MoveOn Ron: Time to stop humoring Rep. Paul

By: Daniel Clark

During the 2008 Republican presidential primary campaign, Texas congressman Ron Paul repeatedly blamed the 9-11 attacks on America’s foreign policy. So why do conservatives continue to tolerate him?

The more outrageous Paul’s pronouncements have become, the more conservative pundits have felt the need to praise him for the stands he’s taken on economic issues. It’s as if they think they can select his policies a la carte, leaving the noxious ones behind like the turkey bacon at a breakfast buffet. It doesn’t really work that way, of course. When you accept somebody, you also accept his bad points, which in Paul’s case are horrid.

Some left-wing bloggers have fantasized about a third-party ticket that would pair Paul with Dennis Kucinich, the UFO-spotting, vegan Democrat from Ohio, who had proposed to impeach President Bush and Vice President Cheney over the war in Iraq. Not only did Paul not discourage this speculation, but he boasted that he and Kucinich had often cooperated on defense-related issues.

Paul tried to upstage the Republican convention by holding his own event during the same week. One of the speakers was former Minnesota governor and professional wrestler Jesse Ventura, who declared Osama bin Laden to be innocent until proven guilty, and suggested that Bush was hiding the “truth” about 9-11. According to a report in National Review, the audience gave him a standing ovation, and began chanting, “inside job.” Paul says that he does not believe in “9-11 truther” conspiracies, but he makes no effort to dissuade his supporters from them, nor did he disavow their promotion at his convention.

Maybe that’s because his own opinion is only marginally less disgraceful. During a December 28, 2009 appearance on Larry King Live, Paul weirdly referred to the underwear bomber as a “gentleman,” who was not without his reasons. “Why do they hate us?” he asked rhetorically. His answer: “They are terrorists because we are occupiers.”

He made this same argument in one of the ’08 debates, prompting Fred Thompson to ask him which country the U.S. had occupied leading up to 9-11. Paul responded that we had an air base in Saudi Arabia. Nobody who knows the difference between occupiers and octopi would deem that an occupation, but if you’re bent on blaming America for the actions of Islamic terrorists, you can’t be a stickler for accuracy.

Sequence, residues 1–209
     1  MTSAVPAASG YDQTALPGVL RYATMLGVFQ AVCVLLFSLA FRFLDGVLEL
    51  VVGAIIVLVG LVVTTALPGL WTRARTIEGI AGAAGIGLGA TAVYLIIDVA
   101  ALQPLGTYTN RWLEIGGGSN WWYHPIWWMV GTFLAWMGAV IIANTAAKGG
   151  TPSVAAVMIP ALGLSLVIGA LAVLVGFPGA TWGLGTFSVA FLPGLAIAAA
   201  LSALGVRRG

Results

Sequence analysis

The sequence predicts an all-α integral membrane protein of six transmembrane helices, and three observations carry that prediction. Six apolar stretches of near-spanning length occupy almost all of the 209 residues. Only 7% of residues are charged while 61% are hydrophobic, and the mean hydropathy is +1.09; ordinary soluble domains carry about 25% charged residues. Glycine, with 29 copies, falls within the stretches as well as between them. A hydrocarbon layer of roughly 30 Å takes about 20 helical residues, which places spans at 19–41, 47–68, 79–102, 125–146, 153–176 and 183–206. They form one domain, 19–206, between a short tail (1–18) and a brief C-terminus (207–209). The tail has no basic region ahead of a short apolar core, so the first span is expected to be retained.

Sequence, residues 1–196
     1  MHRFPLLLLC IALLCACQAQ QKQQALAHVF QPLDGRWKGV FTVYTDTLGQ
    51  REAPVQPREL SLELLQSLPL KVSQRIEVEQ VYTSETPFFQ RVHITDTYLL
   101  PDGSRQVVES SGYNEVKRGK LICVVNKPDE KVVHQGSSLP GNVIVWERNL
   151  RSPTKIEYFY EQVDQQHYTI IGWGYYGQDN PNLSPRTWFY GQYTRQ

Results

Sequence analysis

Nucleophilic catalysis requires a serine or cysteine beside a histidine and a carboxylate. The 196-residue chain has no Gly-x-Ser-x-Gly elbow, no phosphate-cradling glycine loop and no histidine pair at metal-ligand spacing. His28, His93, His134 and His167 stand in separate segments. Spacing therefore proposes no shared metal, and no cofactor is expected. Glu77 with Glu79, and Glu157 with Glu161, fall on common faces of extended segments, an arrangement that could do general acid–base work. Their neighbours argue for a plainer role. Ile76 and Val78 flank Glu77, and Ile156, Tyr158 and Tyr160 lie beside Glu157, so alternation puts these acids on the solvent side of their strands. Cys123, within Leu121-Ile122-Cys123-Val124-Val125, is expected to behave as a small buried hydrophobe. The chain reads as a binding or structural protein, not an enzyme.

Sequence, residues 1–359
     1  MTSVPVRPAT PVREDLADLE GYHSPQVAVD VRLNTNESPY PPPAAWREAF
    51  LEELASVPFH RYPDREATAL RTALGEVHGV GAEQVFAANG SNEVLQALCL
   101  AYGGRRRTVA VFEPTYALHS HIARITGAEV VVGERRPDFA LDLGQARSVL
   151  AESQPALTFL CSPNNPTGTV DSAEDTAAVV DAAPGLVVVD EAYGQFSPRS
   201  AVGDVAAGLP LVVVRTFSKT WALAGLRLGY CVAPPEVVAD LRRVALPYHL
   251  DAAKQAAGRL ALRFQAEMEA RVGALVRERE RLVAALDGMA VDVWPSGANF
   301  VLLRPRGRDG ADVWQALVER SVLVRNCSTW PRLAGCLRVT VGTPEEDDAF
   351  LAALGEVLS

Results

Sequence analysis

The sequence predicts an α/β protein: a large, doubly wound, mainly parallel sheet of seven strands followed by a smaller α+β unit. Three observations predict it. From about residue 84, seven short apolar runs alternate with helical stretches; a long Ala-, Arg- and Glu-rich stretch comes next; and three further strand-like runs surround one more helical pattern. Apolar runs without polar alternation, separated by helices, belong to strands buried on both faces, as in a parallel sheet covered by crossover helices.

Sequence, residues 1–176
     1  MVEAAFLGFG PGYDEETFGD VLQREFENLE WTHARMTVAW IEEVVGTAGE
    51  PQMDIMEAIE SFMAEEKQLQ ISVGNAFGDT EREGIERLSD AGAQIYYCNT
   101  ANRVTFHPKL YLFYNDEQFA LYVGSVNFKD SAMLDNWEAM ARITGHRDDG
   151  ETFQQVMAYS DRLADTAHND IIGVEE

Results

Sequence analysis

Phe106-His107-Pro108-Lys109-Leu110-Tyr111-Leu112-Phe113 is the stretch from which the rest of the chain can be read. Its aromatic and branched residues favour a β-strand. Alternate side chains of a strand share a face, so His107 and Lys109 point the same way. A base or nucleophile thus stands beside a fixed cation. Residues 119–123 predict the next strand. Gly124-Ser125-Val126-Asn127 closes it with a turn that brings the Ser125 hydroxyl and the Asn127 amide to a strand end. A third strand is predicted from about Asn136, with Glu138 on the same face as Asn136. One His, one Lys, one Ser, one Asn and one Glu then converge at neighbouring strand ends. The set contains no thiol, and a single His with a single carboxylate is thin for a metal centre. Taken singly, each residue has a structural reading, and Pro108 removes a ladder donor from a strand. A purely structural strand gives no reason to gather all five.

Another alleged provocation that Paul considers a valid rationale for terrorism is that we’ve constructed an embassy in Baghdad that’s “as big as the Vatican.” Someone should explain to him that the Vatican is famously not very big. He could just as accurately have said the embassy was as big as John Edwards’ estate, but so what? For security reasons, it was made to be sufficient for its own electricity and water treatment. That’s why it’s about 10 times as large as our other embassies. There’s nothing controversial about it, but thanks to the congressman all the same for providing the terrorists with another pretext.

In his more charitable moments, Paul allows that we may only be partially to blame, by declaring that “there’s hatred on both sides.” In a manner of speaking, this is true. The jihadists hate anyone who doesn’t believe as they do, and we hate the idea that we should be murdered for it. Does he figure that makes us even?

At this year’s convention of the Conservative Political Action Committee, to which Paul should never have been invited, his acolytes jeered Donald Rumsfeld and called Dick Cheney a “war criminal.” That accusation is based largely on Paul’s contention that the war in Iraq was not declared by Congress. He knows better, having himself voted against the declaration when it was passed. To deny that, he must accept Hillary Clinton’s prevarication that an authorization for the president to use military force against another country somehow differs from a declaration of war.

The only difference between the behavior of Paul’s supporters and that of left-wing groups like is that one is excused by conservatives and the other is not. This shouldn’t be. Nobody who thinks al-Qaeda has legitimate grievances against the U.S. should be welcomed among conservatives, regardless of where he stands on other issues.

If MoveOn Ron is comfortable in the ideological company of Dennis Kucinich, then conservatives should be content to leave him there. With a little luck, those two can thumb a ride on the next spaceship that comes along. Perhaps then, they’ll find themselves a homeland they find less deserving of terrorist attacks.

Daniel Clark is a writer from Pittsburgh, Pennsylvania. He is the author and editor of a web publication called The Shinbone: The Frontier of the Free Press, where he also publishes a seasonal sports digest as The College Football Czar.

About The Author Daniel Clark:
Daniel Clark is a writer from Pittsburgh, Pennsylvania. He is the author and editor of a web publication called The Shinbone: The Frontier of the Free Press, where he also publishes a seasonal sports digest as The College Football Czar.

No Comments

No comments yet.

RSS feed for comments on this post. TrackBack URI

Sorry, the comment form is closed at this time.